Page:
Proteinuria is assumed to play a pathogenetic role in progressive renal damage. Angiotensin-converting enzyme (ACE) inhibition reduces proteinuria and provides renoprotection. This suggests that ACE activity might play a pathogenetic role in the development of proteinuria-induced renal structural damage. We investigated this hypothesis in untreated and treated established adriamycin nephrosis, a model of proteinuria-induced renal damage.
In a time-course experiment, the development of renal structural damage in untreated adriamycin nephrotic rats was paralleled by a significant rise in renal ACE activity. Moreover, on cross-sectional analysis, a consistent positive correlation between renal, but not plasma, ACE activity and proteinuria, focal glomerulosclerosis and interstitial injury was present. Notably, these associations were present, not only in the untreated condition, but also during intervention with either ACE inhibition or AT(1)-receptor antagonism. Interestingly, we found that higher renal ACE activity is associated with more severe renal damage for a given amount of proteinuria, suggesting that renal ACE activity may be either a permissive or a promoting factor in the processes by which proteinuria eventually leads to renal structural damage. This relationship was abolished by renin-angiotensin system (RAS)-blockade, suggesting that RAS-mediated effects are involved in the relationship between renal ACE activity and proteinuria-induced renal damage.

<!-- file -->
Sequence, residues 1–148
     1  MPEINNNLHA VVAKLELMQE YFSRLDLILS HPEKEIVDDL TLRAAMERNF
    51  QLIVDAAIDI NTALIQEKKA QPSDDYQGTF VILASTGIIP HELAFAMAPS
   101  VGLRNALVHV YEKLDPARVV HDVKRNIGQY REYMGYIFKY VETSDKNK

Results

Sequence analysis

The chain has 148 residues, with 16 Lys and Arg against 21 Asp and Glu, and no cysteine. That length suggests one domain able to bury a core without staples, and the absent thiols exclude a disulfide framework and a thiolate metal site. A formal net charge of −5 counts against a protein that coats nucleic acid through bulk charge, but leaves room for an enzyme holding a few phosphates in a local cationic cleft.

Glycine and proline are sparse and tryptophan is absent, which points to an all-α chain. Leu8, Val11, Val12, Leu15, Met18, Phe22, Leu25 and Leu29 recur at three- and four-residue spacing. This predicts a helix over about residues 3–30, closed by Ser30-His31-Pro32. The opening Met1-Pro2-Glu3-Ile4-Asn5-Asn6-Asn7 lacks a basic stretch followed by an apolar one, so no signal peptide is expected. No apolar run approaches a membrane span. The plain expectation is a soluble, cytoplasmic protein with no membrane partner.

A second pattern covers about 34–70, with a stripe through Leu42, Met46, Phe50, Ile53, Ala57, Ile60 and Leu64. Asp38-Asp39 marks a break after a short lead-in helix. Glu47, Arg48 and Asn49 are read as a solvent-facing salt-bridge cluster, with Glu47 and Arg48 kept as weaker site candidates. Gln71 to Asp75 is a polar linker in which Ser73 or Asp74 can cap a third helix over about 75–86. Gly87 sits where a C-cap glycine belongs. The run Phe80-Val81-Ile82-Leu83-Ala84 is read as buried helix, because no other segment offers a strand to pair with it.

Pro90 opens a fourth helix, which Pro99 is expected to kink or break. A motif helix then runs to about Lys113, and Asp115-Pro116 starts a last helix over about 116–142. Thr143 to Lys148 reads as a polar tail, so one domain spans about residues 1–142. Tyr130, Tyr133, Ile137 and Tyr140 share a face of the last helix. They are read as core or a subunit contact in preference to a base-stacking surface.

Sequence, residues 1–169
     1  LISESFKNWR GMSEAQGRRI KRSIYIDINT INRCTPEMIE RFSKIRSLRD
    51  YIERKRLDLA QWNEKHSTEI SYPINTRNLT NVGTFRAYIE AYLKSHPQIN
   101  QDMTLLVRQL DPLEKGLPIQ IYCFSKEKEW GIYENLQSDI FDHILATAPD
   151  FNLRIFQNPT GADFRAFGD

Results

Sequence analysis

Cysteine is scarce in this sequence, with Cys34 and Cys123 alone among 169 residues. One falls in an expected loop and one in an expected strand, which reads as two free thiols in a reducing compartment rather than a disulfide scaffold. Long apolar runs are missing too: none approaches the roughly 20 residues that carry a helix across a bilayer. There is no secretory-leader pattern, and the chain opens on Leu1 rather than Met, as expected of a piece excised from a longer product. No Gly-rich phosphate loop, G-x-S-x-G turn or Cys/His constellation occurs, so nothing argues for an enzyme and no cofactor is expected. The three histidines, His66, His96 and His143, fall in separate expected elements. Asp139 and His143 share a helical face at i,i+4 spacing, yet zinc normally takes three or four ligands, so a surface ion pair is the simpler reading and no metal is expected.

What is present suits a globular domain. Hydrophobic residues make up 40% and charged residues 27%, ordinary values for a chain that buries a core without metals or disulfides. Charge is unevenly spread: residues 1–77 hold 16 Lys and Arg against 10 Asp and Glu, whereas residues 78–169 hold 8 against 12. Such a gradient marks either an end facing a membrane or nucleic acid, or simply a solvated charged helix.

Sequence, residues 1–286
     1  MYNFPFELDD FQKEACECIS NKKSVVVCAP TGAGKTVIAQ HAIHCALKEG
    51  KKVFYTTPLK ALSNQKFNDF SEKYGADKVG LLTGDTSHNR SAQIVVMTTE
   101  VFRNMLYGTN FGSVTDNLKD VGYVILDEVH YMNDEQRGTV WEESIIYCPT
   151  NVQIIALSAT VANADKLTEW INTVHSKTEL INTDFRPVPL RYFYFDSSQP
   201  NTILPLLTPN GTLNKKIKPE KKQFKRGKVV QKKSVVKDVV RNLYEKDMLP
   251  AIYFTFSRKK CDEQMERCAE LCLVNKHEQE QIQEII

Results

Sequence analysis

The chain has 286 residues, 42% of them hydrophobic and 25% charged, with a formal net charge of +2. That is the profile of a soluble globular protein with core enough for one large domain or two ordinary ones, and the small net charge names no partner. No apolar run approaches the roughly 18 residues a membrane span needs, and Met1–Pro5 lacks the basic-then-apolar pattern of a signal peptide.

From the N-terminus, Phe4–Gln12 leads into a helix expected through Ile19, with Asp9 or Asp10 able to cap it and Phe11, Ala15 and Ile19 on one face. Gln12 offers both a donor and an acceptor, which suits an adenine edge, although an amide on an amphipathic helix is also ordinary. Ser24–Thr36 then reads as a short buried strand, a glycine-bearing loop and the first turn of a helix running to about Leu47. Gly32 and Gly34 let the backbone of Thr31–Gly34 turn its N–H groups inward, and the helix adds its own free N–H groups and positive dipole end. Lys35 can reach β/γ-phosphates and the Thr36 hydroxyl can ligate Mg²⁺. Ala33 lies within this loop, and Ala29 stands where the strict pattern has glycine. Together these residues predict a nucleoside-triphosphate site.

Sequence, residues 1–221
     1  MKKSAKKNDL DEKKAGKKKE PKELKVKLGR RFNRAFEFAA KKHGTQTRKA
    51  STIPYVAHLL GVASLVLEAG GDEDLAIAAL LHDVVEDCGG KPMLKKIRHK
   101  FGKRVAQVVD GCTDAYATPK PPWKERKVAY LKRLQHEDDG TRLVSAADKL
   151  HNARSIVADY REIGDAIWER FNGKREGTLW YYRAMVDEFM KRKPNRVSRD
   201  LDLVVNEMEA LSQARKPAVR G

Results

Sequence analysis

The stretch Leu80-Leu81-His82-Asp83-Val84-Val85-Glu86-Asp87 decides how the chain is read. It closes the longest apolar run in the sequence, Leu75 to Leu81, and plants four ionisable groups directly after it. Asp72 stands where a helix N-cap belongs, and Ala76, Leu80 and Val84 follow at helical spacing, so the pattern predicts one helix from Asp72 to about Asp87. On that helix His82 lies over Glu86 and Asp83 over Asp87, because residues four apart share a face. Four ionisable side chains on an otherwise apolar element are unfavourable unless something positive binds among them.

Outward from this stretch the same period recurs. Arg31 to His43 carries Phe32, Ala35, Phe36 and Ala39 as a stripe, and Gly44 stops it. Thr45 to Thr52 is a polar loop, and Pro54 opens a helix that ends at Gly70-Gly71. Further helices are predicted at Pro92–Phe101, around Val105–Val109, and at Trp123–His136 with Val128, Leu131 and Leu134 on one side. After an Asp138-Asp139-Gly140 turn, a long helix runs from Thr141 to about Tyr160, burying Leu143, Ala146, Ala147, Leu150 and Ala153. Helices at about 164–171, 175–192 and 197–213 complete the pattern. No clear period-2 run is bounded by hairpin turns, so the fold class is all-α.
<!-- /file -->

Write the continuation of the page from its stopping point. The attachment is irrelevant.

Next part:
In conclusion, in untreated as well as treated adriamycin nephrotic rats, renal ACE activity is closely associated with renal outcome. This association appears to be independent of the specific mode of blockade of the RAS. Renal ACE activity is a consistent marker of individual differences in proteinuria-associated renal damage: further studies are needed to investigate a possible pathogenetic role in renal damage.
|Number of pages||7|
|Journal||Journal of the Renin-Angiotensin-Aldosterone System|
|Publication status||Published - Jun-2003|
- renal ACE
- ACE inhibition
- ANGIOTENSIN-CONVERTING ENZYME
- TERM ANTIPROTEINURIC RESPONSE
- INDUCED GLOMERULOSCLEROSIS
- GFR DECLINE